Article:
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Underwriting Manager, Political Risk,Credit & Bond, AXA XL

The next time your travels find you in a foreign country, look around. Chances are you will find clues to that country’s political and credit risks.

Because I am an underwriter of political risk and credit insurance, I constantly analyze macroeconomic trends and data sets of countries where investors and financial institutions are considering doing business. A complete picture of a country’s risk profile requires a deep dive into many areas, but almost any traveler can get a general idea just by observing local activity.

Here are two examples of places where appearances and reality can be quite different:

Tulum, Mexico. A cultivated beachfront community has become a popular destination for ecotourists, many of whom flock to Tulum’s eco-friendly hotels, take yoga classes on the beach and indulge in fresh-pressed green juice and avocado toast. In some ways, a visitor to this trendy resort city might think he or she is in New York City’s West Village neighborhood rather than Mexico’s Yucatan Peninsula.

A closer look, however, reveals a troubling irony: many of Tulum’s hotels run on diesel generators to provide electricity and air conditioning, and sanitation is poor. Some hotels dump sewage directly into Tulum’s waters, and a once-pristine jungle now has a growing landfill. These are signs of underinvestment in basic infrastructure and may indicate larger problems. Confiscation of property is a classic political risk, and that exists in Tulum, too. A few years ago, several hotel owners were evicted by police officers after a local judge ruled the land that previously belonged to farmers and now is much more valuable, could be confiscated. The combination of murky property laws and inconsistent enforcement at the local and national levels increases a country’s political risk profile.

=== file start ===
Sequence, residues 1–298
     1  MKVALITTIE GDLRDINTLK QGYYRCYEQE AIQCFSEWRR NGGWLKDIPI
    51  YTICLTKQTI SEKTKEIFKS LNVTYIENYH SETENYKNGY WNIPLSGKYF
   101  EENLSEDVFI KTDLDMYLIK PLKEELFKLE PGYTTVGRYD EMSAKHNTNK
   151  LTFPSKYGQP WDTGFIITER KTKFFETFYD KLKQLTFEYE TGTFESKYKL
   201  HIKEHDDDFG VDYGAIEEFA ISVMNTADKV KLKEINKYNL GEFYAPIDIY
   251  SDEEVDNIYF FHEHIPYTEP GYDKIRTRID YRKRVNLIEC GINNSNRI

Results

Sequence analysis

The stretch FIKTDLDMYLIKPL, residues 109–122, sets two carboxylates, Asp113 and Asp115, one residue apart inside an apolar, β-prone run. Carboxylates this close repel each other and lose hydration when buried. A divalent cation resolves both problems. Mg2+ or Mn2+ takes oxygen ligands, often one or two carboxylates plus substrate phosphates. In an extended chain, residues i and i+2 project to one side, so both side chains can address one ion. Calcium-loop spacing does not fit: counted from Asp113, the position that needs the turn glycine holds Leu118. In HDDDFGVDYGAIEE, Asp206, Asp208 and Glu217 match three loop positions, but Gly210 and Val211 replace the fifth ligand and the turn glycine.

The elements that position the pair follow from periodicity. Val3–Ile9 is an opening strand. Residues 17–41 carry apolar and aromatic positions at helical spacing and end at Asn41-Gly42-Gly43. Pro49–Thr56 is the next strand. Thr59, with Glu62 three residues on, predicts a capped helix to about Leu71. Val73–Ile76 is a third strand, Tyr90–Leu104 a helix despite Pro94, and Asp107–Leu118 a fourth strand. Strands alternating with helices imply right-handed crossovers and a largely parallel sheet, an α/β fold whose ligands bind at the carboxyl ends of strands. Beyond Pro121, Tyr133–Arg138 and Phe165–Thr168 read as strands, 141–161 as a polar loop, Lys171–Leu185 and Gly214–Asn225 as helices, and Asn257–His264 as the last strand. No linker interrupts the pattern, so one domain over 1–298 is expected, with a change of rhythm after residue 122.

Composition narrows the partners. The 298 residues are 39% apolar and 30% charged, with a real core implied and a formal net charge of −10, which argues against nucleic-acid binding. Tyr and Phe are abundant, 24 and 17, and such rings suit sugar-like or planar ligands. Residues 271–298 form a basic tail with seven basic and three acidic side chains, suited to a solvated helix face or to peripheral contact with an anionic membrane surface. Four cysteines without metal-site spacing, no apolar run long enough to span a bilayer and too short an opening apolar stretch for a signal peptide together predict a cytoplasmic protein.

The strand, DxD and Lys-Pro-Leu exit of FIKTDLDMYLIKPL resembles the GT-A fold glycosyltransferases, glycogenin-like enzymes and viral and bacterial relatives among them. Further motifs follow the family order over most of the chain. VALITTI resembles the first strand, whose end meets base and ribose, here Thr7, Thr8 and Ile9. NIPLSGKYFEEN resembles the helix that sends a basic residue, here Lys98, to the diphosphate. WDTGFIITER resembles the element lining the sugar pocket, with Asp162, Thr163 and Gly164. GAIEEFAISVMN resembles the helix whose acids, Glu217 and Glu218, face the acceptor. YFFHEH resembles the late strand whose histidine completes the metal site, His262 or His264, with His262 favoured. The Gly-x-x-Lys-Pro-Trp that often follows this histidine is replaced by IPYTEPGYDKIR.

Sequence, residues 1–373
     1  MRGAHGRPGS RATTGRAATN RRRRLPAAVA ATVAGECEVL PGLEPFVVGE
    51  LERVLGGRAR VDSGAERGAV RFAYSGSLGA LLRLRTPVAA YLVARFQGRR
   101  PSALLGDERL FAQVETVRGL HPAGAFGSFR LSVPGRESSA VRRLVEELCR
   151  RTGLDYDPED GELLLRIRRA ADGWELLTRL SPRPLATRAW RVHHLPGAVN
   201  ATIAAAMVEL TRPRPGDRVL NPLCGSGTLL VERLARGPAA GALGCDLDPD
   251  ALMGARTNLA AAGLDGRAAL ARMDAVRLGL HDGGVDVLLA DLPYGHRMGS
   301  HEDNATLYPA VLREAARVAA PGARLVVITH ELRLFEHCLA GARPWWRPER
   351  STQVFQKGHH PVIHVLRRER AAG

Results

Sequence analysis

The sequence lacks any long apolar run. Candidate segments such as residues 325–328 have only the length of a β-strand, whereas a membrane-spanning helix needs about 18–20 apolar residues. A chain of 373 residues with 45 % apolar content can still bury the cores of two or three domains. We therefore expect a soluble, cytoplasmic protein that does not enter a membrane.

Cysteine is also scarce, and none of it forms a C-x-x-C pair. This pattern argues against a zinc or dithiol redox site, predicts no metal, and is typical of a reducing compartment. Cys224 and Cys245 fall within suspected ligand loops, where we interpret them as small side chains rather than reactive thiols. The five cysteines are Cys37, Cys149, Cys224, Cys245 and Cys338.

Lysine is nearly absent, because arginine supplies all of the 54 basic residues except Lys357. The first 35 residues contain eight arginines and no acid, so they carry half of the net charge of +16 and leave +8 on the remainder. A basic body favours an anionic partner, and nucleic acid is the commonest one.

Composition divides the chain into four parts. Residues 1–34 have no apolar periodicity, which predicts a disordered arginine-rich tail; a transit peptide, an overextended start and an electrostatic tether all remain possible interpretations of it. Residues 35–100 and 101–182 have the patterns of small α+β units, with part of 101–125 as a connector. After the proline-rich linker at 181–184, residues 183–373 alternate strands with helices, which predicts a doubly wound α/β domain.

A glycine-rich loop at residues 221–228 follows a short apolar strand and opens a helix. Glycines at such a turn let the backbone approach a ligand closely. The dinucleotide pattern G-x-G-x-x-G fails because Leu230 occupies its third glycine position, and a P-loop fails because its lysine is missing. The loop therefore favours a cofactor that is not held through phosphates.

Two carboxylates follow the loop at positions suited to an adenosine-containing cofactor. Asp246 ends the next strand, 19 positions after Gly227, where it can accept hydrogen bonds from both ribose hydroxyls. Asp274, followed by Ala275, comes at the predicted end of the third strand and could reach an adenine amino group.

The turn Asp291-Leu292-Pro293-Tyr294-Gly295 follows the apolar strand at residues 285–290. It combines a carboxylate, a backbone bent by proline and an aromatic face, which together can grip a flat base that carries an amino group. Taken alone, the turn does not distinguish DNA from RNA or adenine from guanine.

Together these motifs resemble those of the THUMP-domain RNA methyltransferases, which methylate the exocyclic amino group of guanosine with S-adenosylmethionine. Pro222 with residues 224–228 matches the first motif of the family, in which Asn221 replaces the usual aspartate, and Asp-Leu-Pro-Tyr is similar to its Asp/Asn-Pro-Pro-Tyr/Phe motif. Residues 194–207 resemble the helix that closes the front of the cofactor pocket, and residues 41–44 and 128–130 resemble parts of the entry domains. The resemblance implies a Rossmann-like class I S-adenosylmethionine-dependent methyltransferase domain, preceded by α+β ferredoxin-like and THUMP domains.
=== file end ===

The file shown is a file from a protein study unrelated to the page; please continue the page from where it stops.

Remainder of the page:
Uzbekistan. During Medieval times, this former Soviet republic thrived as one of the most strategically important locations in Central Asia along the Silk Road trade route. Today, Uzbekistan is a relatively poor country, with GDP of about $1,500 per capita, according to the World Bank. Its government has long been inwardly focused, implemented currency controls and discouraged foreign direct investment. Its economy is dominated by state-owned enterprises, which has stunted private-sector growth. Uzbekistan is implementing reforms to modernize its economy and attract both investors and tourists. Despite having infrastructure that seems stuck in the past, Uzbekistan is turning to modern tactic to promote tourism such as reaching out to Internet influencers to promote itself as a tourist destination. For example, its Ministry of Tourism invited a food blogger with a large following to sample the country’s cuisines and comment on his visit.

The nation has a lot of potential for growth and advancement as it is starting from a low base. The lack of development in all areas of the country increases the perceived risks in Uzbekistan. However, where there are risks there are also opportunities for investors and lenders to help transform and modernize the former trading center along the Silk Road.